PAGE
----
HAD ENOUGH: Rus Salisbury isn't sure his farm can last another flood event
HAD ENOUGH: Rus Salisbury isn't sure his farm can last another flood event Jack Lawrie

Monto farmers left 'nervous'

PREDICTIONS of a possible cold, wet summer have Monto croppers saying 'enough is enough'.

The Bureau of Meteorology has predicted a 70 per cent chance of a La Nina weather event developing over December through to February.

Climate models suggest cooler daytime temperatures and a higher chance of rain with possible flooding.

Monto producer Russ Salisbury said after seven years of consistent flooding events, including two in the past year alone, the farmers couldn't take much more.

"It is making everybody nervous, it will be pretty devastating if we get more flooding this summer,” Mr Salisbury said.

"Recovery will be pretty long if it happens again, we're still resurrecting flood-affected country at our property.”

Mr Salisbury has planted soybeans, mungbeans and sorghum for the summer.

He also has a corn crop set to come up at the end of the summer period.

His previous crop of chickpeas, wheat and barley was either downgraded or destroyed in the October flood event.

It has been a year of extremes, going from a severe wet event to a severe dry event.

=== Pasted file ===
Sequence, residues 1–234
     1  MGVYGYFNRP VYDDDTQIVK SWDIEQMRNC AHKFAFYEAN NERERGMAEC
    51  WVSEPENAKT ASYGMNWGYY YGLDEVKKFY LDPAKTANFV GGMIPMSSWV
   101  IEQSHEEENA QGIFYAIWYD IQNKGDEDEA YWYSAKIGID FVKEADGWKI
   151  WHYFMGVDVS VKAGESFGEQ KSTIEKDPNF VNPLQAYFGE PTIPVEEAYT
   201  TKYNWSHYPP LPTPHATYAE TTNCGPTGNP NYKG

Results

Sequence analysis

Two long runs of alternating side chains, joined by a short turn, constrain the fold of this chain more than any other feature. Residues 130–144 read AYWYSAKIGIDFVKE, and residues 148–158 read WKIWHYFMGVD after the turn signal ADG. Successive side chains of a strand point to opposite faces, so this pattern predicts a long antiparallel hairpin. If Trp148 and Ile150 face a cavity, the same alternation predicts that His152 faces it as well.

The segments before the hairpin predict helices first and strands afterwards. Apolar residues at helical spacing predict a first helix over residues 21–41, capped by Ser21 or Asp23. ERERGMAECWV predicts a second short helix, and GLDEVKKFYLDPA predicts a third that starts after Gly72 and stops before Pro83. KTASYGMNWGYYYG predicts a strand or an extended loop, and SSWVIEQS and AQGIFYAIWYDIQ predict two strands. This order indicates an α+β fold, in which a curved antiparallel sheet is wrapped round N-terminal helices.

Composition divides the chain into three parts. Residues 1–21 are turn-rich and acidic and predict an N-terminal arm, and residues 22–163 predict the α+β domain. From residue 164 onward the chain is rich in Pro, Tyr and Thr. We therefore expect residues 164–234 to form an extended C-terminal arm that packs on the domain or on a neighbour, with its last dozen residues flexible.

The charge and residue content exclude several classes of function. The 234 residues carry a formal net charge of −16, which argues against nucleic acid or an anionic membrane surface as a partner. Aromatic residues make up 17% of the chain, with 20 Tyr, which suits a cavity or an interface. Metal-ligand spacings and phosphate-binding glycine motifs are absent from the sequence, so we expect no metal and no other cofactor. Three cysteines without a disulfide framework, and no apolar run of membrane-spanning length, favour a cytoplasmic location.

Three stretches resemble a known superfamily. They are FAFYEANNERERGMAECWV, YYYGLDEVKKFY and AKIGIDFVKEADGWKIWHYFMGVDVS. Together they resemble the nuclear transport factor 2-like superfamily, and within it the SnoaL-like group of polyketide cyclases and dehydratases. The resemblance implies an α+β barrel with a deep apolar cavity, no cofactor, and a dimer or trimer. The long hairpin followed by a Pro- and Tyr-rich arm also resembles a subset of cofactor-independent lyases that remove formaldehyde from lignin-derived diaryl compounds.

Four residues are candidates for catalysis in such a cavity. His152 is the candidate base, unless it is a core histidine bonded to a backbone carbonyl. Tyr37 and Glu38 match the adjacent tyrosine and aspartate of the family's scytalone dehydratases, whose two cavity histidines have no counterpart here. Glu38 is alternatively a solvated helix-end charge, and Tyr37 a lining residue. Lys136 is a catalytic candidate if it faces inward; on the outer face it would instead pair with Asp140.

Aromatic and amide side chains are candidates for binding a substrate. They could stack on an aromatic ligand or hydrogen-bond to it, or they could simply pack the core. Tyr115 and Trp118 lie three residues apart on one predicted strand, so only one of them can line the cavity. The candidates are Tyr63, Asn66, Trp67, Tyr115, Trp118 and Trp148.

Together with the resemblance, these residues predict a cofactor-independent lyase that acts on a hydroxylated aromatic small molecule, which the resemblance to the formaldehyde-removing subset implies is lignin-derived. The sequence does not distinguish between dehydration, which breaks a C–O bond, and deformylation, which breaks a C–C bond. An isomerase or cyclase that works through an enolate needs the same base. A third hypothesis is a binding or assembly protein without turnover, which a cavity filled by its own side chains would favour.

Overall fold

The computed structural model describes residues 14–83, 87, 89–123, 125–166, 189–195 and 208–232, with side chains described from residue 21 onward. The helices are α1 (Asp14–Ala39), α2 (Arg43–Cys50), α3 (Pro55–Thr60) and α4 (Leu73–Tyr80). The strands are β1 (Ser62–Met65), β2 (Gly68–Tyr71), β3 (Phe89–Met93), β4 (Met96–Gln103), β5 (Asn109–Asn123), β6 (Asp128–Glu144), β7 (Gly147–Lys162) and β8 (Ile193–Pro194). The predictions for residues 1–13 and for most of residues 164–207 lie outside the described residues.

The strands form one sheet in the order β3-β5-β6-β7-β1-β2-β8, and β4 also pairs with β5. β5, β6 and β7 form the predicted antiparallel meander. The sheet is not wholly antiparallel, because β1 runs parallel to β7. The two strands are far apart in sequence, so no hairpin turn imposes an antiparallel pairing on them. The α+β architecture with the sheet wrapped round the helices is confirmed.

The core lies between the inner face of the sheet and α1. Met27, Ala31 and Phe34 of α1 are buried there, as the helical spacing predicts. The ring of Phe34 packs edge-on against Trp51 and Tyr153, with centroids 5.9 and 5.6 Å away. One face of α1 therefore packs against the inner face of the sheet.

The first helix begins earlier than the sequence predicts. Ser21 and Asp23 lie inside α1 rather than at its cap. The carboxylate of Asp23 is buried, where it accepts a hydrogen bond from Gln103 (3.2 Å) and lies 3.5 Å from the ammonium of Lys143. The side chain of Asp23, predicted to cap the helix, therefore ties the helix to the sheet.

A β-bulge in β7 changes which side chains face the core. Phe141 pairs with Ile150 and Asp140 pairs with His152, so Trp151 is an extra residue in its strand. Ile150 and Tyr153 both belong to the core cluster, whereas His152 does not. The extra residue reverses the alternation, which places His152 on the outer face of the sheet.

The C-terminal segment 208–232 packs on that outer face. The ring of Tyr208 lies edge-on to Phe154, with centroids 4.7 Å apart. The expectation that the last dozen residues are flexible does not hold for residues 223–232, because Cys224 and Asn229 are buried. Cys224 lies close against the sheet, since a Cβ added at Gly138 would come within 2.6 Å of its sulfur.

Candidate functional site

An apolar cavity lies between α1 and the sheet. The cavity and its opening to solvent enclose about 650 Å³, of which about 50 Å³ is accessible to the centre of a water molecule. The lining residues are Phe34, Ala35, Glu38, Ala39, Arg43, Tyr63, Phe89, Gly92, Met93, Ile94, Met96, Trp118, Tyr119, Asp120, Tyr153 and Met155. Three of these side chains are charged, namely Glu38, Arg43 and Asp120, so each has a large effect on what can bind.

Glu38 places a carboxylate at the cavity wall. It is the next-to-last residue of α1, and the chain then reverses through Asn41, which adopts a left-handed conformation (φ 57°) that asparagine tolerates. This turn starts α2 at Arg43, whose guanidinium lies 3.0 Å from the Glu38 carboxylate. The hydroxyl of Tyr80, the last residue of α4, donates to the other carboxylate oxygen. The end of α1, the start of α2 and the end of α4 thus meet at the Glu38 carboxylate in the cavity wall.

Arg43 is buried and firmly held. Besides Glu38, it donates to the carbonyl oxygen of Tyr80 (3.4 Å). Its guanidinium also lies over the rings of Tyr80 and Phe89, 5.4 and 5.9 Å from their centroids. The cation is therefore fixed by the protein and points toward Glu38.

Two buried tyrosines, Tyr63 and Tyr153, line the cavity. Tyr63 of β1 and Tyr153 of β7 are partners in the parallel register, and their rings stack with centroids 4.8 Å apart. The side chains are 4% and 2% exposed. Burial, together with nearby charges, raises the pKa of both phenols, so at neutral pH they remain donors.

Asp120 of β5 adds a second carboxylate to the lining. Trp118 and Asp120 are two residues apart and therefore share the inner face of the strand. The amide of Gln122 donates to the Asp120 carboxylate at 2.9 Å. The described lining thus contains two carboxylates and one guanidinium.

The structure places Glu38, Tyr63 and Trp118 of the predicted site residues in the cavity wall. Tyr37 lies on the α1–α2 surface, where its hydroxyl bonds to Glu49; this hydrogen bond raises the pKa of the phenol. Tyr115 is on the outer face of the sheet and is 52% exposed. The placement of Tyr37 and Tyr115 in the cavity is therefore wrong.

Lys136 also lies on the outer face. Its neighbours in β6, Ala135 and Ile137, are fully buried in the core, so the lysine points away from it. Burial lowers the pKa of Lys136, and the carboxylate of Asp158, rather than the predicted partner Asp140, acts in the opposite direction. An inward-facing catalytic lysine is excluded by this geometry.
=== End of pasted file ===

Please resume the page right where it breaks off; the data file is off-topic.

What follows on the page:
"We're starting to wear a bit thin, financially it's been devastating but life goes on,” Mr Salisbury said.

Summer rain to benefit graziers

A wetter than average summer has its advantages, provided it doesn't turn to flooding.

The high likelihood of a La Nina event over the summer will be risky for producers, but a consistent flow of rain may be beneficial depending on the type of work.

Agronomist Kendall Muller said if the rain spreads itself out evenly over the three months rather than coming all at once, certain crops would survive.

"As long as the water stays in the creek, people growing more water-tolerant crops like soybeans, sorghum and corn will be alright,” Mr Muller said.

Graziers and cattle properties will see much clearer benefits, especially in comparison to last year's dry summer.

"It would set them up well for winter, again providing it doesn't flood,” Mr Muller said.


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